If you're unlike me and really don't care about superuser permissions or having the most up-to-date releases, you can just do the regular old naive thing and use the package manager...
sudo apt-get update && sudo apt-get install nodejs
However since you're here, I'm betting this doesn't jive with you.
The idea of having to give checked out source code from the npm repository super user access makes me quite uncomfortable. I mean, all it's going to do is sit on a virtual machine that will remain dormant long after I complete an awesome a-snychronous ToDo application and feel like a boss. It's the principal of the matter!
Let's get down to it then.
This installation method only works for the user it was installed for in their home directory.
Let's start by installing curl
sudo apt-get install curl
Just for cleanliness, let's make a new folder for us to download the node distribution to.
mkdir ~/node-latest cd ~/node-latest
Next we are going to want to download Node.js using super awesome CLI's
Let's then extract the tarball using every option available.
tar -xvzf node-latest.tar.gz
Here is where we are going to want to configure where we want to install Node.
Let's make a directory in our home to hold the user-only access to the binaries.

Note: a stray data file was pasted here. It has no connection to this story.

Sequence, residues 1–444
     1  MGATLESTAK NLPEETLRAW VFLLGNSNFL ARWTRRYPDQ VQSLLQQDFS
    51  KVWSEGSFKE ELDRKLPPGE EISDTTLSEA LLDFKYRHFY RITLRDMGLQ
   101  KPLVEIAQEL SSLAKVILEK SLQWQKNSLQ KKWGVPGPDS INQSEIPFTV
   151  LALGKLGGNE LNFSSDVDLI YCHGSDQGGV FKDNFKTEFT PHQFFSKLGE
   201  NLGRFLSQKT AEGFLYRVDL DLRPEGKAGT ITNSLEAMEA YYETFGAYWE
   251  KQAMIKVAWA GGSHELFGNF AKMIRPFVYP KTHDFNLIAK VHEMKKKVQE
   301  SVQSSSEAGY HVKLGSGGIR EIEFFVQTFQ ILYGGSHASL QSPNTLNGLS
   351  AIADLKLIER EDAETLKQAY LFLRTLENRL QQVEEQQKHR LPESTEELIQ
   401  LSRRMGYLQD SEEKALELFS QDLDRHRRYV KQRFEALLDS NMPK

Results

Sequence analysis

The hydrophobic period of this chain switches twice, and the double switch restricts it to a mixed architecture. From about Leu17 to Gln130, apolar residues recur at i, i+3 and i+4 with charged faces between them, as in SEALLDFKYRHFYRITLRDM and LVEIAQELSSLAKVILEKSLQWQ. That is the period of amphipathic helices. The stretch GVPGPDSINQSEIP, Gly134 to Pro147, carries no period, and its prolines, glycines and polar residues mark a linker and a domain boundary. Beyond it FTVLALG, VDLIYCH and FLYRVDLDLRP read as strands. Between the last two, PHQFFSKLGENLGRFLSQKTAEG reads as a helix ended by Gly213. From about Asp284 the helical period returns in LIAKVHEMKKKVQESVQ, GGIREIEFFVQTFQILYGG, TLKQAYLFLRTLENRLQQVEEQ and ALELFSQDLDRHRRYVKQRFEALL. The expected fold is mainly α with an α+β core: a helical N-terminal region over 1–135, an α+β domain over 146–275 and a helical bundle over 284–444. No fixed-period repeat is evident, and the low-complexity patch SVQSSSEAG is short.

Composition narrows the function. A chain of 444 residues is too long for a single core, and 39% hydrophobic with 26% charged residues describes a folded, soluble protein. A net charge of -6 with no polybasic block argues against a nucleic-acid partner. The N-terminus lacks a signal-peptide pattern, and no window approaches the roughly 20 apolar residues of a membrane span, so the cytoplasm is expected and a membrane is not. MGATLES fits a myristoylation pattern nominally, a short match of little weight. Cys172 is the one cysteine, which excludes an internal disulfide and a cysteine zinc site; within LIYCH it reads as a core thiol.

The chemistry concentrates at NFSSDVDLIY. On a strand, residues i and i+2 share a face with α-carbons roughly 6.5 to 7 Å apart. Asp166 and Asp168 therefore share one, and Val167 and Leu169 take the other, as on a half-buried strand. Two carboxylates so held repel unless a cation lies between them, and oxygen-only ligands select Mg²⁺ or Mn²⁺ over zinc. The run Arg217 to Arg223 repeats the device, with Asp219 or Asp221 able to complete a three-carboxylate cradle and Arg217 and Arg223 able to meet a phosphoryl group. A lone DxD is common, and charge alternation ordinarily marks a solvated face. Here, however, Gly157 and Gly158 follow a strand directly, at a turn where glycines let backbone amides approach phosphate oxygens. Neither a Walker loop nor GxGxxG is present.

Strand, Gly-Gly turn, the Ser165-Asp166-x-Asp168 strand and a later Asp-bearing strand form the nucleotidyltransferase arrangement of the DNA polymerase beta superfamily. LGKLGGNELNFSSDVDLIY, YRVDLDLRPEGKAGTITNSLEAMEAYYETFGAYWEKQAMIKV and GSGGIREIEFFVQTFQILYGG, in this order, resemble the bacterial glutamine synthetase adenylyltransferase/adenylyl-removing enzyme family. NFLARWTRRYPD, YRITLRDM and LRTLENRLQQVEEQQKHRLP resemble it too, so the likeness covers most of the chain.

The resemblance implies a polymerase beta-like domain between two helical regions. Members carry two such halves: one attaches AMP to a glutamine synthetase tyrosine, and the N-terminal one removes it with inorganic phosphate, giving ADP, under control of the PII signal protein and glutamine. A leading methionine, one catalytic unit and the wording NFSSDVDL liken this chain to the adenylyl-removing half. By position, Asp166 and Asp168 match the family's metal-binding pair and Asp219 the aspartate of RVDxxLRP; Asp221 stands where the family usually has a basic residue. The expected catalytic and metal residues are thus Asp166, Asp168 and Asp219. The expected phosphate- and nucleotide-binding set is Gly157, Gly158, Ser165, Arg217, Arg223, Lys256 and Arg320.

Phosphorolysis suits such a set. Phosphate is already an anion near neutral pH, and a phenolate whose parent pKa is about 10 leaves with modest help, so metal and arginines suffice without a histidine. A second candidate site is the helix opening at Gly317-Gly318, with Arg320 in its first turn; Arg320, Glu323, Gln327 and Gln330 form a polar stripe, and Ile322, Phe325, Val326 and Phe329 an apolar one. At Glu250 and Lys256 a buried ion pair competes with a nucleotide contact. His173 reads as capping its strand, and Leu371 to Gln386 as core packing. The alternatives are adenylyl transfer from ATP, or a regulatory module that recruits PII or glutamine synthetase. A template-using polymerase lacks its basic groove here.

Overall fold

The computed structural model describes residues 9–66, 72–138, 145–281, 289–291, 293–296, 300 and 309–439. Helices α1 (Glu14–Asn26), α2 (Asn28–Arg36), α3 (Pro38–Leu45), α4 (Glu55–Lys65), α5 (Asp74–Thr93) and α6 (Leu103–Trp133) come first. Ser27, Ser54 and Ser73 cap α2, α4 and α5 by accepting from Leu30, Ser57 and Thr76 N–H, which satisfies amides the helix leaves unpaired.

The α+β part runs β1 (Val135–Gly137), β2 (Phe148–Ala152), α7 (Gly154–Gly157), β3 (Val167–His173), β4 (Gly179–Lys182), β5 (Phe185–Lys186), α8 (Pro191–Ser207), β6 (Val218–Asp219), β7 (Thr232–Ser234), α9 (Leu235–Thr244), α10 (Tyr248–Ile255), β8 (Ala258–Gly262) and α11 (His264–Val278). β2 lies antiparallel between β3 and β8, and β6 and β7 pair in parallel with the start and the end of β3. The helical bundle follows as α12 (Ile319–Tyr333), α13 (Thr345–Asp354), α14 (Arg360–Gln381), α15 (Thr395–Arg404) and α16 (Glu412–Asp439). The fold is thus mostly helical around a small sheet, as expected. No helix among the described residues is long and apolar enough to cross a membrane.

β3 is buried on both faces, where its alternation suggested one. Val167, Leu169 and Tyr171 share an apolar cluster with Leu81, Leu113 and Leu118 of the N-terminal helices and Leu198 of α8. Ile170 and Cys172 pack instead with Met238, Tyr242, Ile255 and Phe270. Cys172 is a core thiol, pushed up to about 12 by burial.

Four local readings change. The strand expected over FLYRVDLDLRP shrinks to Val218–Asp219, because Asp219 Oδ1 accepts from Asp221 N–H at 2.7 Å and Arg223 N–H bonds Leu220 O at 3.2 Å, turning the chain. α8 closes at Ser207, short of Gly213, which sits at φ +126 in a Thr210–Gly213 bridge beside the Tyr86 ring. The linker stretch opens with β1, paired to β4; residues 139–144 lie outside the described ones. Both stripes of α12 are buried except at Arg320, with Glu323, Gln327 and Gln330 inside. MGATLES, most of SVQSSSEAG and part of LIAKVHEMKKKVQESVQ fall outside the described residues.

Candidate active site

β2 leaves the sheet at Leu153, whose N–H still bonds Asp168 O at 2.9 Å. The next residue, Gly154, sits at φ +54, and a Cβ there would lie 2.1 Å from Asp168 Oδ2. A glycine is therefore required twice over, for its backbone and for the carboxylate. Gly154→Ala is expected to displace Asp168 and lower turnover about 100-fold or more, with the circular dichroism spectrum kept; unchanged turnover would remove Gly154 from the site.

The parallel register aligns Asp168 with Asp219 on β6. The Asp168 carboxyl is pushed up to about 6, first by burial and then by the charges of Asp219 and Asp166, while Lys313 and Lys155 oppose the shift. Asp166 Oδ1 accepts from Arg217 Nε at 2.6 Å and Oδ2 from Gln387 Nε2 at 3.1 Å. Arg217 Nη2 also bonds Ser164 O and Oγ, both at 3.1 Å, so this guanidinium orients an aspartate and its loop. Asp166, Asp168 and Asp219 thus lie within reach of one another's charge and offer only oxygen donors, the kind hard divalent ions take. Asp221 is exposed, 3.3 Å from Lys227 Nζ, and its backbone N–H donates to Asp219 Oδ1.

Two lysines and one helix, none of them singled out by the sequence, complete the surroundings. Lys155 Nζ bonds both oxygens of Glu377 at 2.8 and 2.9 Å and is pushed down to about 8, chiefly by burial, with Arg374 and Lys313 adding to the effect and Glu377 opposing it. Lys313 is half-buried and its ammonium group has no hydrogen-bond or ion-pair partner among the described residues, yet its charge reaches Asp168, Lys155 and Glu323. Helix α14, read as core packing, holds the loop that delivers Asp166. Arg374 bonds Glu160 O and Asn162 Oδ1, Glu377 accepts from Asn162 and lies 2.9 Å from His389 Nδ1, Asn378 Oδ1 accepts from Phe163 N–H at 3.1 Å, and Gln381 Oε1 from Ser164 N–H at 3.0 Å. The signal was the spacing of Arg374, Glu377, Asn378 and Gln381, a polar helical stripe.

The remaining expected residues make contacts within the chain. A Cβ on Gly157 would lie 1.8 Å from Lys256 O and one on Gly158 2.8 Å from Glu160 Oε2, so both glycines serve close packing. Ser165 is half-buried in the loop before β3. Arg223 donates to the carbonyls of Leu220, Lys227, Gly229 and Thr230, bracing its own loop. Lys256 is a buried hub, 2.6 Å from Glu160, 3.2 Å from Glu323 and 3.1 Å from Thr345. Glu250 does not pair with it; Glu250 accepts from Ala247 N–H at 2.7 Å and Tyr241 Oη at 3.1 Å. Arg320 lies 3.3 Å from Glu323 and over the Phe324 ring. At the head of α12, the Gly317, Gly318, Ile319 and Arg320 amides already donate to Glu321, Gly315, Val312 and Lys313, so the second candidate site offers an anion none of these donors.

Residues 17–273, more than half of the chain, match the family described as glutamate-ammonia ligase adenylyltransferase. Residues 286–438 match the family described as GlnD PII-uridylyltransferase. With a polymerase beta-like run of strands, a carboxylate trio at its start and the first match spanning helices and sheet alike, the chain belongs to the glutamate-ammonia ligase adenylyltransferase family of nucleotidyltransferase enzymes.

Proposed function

Still in the ~/node-latest folder, execute the following commmand replacing the /PATH/TO/LOCAL be equivalent to your /home/$USER/local. replace 'james' with your *nix username
Note that I didn't use the ~ do find my home. This is by trial and error. Maybe it's the compiler that I was using. Maybe it's the distribution that I'm using (Ubuntu 14.04 LTS), or maybe I'm just amazingly unintelligent. The fact of the matter is when I used the magical tilde, it made a symlink in the ~/node-latest that linked back to my ~ and I have no idea where the binaries were actually installed. That is why I have used a hard reference to my user and only my user for the binaries.
From here, let's go ahead and compile the libraries
Grab a coffee, soda, beer, whatever your vice is while you wait for this to complete.
We're going to want to append the following to your ~/.bashrc file to add the ~/local/bin to your path.
Scoll to the bottom and add
This can also be solved by piping to the file with
echo 'export PATH=$HOME/local/bin:$PATH' >> ~/.bashrc
Then you want to refresh your profile
try the following commands to make sure that your cli tools are working:
If you get some version numbed spit out then you're all good. Else some black magic occurred and you might want to start over.